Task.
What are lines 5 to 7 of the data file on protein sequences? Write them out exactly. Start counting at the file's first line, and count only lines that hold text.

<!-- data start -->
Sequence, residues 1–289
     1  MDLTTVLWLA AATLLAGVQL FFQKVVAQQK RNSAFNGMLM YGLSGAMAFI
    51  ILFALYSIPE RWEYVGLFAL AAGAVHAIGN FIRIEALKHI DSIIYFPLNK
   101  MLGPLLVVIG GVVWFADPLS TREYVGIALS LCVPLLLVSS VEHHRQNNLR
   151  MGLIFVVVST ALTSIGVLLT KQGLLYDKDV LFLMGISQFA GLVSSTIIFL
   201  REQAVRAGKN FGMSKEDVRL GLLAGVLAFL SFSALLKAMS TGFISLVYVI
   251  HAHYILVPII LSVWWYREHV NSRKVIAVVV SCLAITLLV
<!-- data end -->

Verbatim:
   151  MGLIFVVVST ALTSIGVLLT KQGLLYDKDV LFLMGISQFA GLVSSTIIFL
   201  REQAVRAGKN FGMSKEDVRL GLLAGVLAFL SFSALLKAMS TGFISLVYVI
   251  HAHYILVPII LSVWWYREHV NSRKVIAVVV SCLAITLLV